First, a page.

How to Shirr

If you can do a straight stitch, you can shirr. Shirring is accomplished by exchanging the regular thread in your bobbin for elastic thread and changing your machine’s stitch and tension settings. The most complicated part about learning to shirr will be discovering exactly what those settings should be for your specific machine, as it can truly vary from one device to the next. I’ve found the best way to figure this out is by doing a few trial-and-error tests on some scrap fabric. For this reason, I will provide a step-by-step guide explaining how to approach this trial-and-error process when first learning how to shirr.

Steps for Learning How to Shirr

Step 1 – Prep Your Practice Fabric 

Using some scrap (lightweight) fabric, cut a few squares at least 11″ wide.

Using a clear quilters ruler and a marking tool, draw two parallel lines along the sides of the fabric, that are 10″ apart. (Perfect shirring should shrink your fabric by about 45-50% – using 10″ will simply make the math easier when calculating what percentage the fabric has shrunk.) Now, make your stitch guidelines: the stitches will run parallel to each other, across the width of the fabric, each ½” apart.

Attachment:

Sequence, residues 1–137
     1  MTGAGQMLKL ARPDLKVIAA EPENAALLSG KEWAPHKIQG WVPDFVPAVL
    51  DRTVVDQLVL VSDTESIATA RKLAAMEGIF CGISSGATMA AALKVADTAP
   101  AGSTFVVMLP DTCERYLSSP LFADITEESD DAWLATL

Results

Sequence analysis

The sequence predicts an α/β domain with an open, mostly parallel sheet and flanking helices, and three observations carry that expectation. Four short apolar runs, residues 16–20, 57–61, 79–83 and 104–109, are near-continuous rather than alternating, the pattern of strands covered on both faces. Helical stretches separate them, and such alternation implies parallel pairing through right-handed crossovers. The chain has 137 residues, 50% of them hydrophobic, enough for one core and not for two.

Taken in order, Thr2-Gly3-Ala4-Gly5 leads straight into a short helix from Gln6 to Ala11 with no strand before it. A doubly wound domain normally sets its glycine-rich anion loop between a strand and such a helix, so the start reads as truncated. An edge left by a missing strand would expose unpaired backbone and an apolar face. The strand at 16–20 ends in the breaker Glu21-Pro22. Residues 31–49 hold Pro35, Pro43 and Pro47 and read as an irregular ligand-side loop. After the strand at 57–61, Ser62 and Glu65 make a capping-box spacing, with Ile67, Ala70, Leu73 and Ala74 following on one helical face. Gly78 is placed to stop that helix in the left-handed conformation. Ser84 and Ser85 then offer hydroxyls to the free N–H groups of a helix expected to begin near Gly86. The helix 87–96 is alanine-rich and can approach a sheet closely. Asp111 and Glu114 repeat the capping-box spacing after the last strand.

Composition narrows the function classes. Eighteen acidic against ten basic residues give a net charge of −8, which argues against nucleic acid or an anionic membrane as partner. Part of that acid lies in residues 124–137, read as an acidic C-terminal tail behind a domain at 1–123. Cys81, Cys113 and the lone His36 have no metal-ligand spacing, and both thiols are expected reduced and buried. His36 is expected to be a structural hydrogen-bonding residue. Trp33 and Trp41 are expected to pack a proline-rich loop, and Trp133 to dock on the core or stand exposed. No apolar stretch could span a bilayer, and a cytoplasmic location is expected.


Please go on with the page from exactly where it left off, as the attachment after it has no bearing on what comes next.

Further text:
Guide to Shirring When Sewing Clothing

Step 2 – Wind the Thread Around Your Bobbin

Winding a bobbin with elastic thread must be done by hand, as the machine will stretch it too much while winding, causing the tension to be off. I was taught not to stretch the elastic when winding, later to discover my machine only shirrs when I give the elastic a very slight stretch while I wind.

Like the length and tension settings, how tightly the bobbin should be wound will vary slightly depending on your machine. For a quick way to find out whether your machine prefers a slightly loser or slightly tighter wound bobbin, wind one of each and test them both out.

Guide to Shirring When Sewing Clothing

Insert the bobbin, threading the machine as usual, using all-purpose thread for the top.

Step 3 – Sewing Machine Settings

Make sure the machine is set to a straight stitch and set your stitch length to 3-4 (this may need to be adjusted later).

Before changing any tension settings, we will sew the first test square.